Social Media is Not Broadcast Media
Oh how persnickety people can get online. Once again it's a cause group and once again it's "mommy bloggers." Today PETA mass-tweeted "Never-b4-seen photos that will convince parents never 2 take their kids 2 the circus: http://bit.ly/7ha9NL" to over 150 Twitter users according to Allie Sullivan who watched the drama unfold this morning. The tweet linked to a site on which photos depicted the training of baby elephants for Ringling Bros. Circus
Without surprise, the mass tweet was met with a bit of vitriol such as "@officialpeta fuck you I hate PETA and always have" from @JessicaGottlieb. But it was also met with what, in the first place, PETA should have, if you're a social media believer, been going for: a conversation. Luckily, one did start between the cause group and Lucretia Pruitt. And by all accounts it ended pleasantly.
On targeting these 150 "mommy bloggers," Sullivan wrote, "And just because she is a mom with a blog and active on Twitter, she is supposed to care about baby elephants? WRONG!" Explaining further, she wrote, "when it comes to social media and audience development, you can't think of a 'target audience' ... you must think about the people who you will be engaging with."
While marketers do have to start somewhere and blasting out the same message to multiple people is - until we have something better - marketing du jour, the focus in this case, Sullivan argues, should have been on conversation instead of "mass marketing."
But there in lies the conundrum. How do you start a conversation if no one knows you want to have one? But this PETA effort, as it was executed, was never about having a conversation. It was mass marketing using a social medium with the hope retweets would get hundreds or thousands of people to see pictures of the cute elephants undergoing circus training.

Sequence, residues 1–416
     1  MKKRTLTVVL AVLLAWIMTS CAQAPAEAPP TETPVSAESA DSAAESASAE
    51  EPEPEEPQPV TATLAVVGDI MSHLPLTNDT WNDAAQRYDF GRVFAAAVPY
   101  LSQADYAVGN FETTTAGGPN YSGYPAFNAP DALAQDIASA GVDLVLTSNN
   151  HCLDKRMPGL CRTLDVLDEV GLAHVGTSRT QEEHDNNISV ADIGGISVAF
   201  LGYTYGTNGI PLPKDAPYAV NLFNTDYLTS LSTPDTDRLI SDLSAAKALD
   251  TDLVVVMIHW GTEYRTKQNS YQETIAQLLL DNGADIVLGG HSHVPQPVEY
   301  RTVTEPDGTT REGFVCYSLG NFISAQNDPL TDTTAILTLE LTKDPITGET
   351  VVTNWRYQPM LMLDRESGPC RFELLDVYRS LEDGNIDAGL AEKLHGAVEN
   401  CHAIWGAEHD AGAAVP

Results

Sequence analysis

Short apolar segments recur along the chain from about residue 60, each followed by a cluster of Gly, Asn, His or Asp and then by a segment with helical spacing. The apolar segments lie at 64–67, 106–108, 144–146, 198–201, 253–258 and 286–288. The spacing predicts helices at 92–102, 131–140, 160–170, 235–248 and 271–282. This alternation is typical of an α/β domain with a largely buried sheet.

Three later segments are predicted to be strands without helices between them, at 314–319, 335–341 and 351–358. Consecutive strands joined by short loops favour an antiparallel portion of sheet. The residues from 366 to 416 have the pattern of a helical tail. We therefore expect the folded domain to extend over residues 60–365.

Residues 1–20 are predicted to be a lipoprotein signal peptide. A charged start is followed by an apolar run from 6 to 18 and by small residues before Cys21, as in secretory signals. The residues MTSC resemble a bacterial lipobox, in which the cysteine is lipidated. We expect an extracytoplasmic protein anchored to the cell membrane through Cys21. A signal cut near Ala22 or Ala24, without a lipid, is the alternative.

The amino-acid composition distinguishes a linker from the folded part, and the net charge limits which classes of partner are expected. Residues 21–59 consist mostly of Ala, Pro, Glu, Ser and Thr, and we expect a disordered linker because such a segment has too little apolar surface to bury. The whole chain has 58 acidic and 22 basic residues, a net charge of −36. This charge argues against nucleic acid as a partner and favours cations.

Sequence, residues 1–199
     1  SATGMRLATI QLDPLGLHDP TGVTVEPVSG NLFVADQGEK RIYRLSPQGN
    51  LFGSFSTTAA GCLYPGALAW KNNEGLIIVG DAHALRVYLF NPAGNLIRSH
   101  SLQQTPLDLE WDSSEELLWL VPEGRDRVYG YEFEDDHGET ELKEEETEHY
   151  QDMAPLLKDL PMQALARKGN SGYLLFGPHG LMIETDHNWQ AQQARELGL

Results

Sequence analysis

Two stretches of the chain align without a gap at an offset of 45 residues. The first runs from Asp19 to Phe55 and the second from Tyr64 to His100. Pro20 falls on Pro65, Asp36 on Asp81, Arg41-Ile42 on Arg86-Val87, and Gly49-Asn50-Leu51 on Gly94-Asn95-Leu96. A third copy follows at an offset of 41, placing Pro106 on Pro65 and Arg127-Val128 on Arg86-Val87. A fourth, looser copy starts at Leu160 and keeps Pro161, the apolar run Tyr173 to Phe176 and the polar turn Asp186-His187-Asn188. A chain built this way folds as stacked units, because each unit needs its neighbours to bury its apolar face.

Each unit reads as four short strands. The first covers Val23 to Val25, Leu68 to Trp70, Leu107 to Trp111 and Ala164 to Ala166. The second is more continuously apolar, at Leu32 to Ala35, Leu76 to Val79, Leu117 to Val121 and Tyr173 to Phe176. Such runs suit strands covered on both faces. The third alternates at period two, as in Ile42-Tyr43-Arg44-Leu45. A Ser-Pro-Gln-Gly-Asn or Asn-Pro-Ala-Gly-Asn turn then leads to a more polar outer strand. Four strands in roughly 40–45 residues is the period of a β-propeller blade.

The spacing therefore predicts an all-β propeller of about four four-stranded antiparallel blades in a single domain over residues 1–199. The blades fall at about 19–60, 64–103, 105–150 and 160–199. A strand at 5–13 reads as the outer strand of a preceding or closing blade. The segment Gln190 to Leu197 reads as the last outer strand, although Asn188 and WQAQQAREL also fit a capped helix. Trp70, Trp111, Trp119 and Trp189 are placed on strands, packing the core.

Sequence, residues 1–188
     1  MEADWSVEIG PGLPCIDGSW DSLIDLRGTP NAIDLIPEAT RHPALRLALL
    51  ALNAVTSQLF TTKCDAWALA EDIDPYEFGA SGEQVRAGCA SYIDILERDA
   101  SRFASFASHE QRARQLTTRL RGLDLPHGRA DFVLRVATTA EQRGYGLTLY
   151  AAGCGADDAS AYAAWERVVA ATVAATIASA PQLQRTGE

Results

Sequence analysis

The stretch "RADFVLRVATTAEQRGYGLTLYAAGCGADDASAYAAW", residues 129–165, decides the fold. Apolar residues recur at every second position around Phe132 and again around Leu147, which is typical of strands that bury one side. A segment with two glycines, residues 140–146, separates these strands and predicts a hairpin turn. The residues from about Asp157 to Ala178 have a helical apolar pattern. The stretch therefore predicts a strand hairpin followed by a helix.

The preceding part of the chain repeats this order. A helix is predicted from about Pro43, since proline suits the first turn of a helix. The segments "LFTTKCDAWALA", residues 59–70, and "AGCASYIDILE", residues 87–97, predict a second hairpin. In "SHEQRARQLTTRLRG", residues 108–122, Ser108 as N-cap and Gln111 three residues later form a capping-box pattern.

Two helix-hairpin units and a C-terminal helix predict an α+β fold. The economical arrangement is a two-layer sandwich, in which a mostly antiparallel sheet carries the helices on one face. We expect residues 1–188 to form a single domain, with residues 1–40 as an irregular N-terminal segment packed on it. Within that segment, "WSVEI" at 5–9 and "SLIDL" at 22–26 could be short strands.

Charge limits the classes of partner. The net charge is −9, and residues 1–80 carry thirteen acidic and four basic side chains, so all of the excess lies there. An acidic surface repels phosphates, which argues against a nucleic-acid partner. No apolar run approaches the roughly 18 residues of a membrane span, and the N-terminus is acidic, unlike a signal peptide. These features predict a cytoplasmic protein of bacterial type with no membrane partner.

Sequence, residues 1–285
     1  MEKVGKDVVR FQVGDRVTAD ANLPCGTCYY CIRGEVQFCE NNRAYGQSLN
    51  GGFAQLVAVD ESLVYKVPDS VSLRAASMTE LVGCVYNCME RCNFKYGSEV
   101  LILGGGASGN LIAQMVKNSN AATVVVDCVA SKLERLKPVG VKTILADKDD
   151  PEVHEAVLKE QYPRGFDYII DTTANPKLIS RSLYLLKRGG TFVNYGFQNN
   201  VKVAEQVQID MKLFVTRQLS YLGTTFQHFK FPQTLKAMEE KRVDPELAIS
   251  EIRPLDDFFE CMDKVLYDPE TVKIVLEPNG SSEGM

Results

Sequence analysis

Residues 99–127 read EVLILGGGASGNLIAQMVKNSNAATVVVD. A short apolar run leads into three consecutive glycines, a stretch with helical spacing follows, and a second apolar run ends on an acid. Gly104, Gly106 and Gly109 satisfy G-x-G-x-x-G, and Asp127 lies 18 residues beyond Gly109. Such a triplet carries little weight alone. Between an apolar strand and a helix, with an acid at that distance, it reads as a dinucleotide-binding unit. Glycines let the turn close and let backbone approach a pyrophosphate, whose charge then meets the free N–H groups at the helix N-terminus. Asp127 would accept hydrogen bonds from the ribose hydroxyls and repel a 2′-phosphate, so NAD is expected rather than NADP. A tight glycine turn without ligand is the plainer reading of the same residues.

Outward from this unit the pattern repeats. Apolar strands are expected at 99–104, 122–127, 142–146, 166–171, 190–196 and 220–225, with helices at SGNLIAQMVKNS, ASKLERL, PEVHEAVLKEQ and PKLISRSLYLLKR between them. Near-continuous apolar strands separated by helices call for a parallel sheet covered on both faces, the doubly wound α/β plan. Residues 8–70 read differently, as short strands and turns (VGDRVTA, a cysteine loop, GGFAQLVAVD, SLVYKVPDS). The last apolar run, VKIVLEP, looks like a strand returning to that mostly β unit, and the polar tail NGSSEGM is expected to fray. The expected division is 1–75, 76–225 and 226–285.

It's not bad marketing per se. After all, it's PETA's job to make people aware of what they claim to be the torturous treatment of animals for the entertainment of humans. And, as we well know, they'll use any means necessary to do so. And, as we well know, someone or some group, will always be pissed off by some of the things marketers do to sell oh, for example, a chemical-free bathroom cleanser.
Marketing isn't a conversation and a conversation isn't marketing. Outbound marketing exists to make people aware off things that might, based on assumptions, be of interest to them. Inbound marketing exists to provide the information a person needs when they know they need something but aren't sure where to find it or what brand is right for them. Social media - or social engagement marketing as a colleague describes it - offers a platform (horrible word, we know) where outbound and inbound marketing can co-exist. A conversation, if you will.
As social media, or whatever you want to label it, becomes more prevalent, there will be blunders. We're in experimental mode right now. And even those who label themselves "social media guru" haven't a clue. And if they tell you they do, buyer beware.
What PETA did wasn't necessarily a horrific blunder but it did use an old model (broadcast) in a new medium (social). That was the big mistake here. Broadcast tactics, still an entirely viable strategy in the right media, don't work well in social media.
Again, while a conversation usually needs a kick start (think old school media), Sullivan sums up the new "social" approach to marketing nicely, writing, "focusing your energy on the relationships you're building everyday with your supporters will be so much more rewarding in the end."